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19 replies to this post
  1. Shannon,

    No. That isn’t quite right.

    Natural rights were conceived as NECESSARY rights governments must respect in order for humans to flourish.

    A benevolent God would not create a world where flourishing was impossible, only a world where we must observe certain rules in order to flourish. But God did not give us the rules to obey, we discovered them by trial and error. If we fail to observe those rules that we have discovered, then we will not flourish.

    A right must be possible, and it must be enforceable or it cannot exist. Natural rights are enforceable by uprising or revolution, and natural rights were enumerated to construct a moral license given to the population by the church to demand from their governments, and prohibitions placed upon the Spanish in particular for their abuses in the new world.

    All rights are reducible to property rights, where property includes mind, body, kin, physical property, common property and norms we have sacrificed to create. All rights then are limited to prohibitions upon others – rights are positive statements of negative prohibitions: things we must NOT do to others, and others must not do unto us. Rights are stated positively so the injured can lay claim against violators. Duties (prohibitions) are stated negatively as prohibitive laws. But whether positively or negatively stated, all rights and duties that are necessary for human flourishing (cooperation produces flourishing through the division of knowledge and labor) can be, and have been expressed as property rights.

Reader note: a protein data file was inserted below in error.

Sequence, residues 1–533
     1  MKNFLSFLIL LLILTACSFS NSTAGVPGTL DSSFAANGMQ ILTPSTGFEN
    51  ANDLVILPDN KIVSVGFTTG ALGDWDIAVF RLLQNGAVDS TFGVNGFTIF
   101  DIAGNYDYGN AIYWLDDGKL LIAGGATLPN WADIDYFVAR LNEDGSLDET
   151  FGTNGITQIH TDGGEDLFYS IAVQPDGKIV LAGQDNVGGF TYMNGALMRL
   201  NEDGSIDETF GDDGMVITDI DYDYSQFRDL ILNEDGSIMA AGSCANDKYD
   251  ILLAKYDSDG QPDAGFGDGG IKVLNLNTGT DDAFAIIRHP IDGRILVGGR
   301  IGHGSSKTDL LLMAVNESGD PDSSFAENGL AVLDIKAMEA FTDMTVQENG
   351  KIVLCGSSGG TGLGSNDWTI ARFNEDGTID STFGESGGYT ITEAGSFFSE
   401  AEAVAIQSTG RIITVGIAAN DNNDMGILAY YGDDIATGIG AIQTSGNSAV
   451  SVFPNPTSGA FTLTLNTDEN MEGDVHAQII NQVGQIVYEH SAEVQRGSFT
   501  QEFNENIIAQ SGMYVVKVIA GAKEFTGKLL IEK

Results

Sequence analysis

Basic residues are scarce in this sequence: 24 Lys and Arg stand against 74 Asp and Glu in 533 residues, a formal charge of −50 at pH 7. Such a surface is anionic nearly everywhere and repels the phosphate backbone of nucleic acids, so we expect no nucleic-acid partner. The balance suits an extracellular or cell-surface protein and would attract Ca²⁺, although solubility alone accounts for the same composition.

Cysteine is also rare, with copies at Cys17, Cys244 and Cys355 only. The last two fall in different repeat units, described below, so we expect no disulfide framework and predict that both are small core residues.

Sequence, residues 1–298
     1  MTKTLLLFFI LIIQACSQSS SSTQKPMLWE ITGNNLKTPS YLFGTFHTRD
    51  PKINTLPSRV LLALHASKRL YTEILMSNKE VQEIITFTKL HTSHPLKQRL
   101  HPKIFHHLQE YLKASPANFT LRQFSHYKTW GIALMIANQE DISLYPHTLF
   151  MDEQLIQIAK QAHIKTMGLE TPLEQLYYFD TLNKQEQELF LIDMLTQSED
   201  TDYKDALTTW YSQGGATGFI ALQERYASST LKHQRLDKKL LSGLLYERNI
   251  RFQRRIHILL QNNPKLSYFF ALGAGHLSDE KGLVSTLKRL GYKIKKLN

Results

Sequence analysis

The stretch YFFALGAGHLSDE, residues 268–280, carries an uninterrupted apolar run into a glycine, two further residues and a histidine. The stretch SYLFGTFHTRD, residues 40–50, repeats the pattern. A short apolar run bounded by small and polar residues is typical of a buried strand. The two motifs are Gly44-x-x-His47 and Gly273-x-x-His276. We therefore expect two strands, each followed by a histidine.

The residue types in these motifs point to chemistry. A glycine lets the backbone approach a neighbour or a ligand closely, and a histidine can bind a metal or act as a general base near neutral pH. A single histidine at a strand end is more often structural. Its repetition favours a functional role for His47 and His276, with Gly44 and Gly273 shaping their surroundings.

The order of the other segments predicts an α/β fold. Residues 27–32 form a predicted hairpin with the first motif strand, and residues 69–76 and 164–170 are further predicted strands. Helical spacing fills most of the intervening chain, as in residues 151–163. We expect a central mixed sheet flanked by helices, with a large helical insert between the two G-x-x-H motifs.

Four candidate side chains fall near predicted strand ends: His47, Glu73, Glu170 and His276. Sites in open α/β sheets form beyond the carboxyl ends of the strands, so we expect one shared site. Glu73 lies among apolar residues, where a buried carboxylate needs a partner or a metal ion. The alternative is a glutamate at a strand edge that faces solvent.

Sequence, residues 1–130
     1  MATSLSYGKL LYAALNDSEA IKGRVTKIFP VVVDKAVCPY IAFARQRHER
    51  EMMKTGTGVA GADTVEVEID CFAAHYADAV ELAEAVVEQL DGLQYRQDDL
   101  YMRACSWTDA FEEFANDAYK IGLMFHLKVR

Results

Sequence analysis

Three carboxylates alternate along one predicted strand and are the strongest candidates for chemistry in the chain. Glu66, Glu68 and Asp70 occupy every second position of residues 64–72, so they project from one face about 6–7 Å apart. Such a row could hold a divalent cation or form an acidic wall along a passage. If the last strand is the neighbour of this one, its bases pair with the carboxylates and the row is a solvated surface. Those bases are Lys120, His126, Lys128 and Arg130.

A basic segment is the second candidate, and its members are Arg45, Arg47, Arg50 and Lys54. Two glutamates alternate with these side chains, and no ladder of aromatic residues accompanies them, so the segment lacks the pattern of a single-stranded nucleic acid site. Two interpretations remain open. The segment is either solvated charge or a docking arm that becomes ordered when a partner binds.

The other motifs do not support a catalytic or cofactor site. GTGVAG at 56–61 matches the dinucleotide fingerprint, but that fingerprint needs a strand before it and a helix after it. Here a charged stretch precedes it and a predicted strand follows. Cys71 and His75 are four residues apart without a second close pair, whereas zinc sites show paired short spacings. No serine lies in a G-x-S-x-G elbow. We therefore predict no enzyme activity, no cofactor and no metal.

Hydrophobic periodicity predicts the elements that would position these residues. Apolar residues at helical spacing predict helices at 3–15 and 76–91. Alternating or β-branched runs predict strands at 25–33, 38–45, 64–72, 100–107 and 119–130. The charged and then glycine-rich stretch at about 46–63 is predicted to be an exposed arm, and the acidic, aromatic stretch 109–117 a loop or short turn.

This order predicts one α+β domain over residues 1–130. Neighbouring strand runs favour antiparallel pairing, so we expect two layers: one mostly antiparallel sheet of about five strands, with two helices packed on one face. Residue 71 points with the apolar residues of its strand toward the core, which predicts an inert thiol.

We have constructed positive demands upon one another using commands (legislative law) not natural law (property rights) – no positive duty can exist, only negative restrictions. This is because while we can all refrain from something we cannot all supply something – that is impossible. We cannot grant someone the right to that which individuals do not have to supply him. We can only state a preference that under conditions of possibility that we will exercise that preference.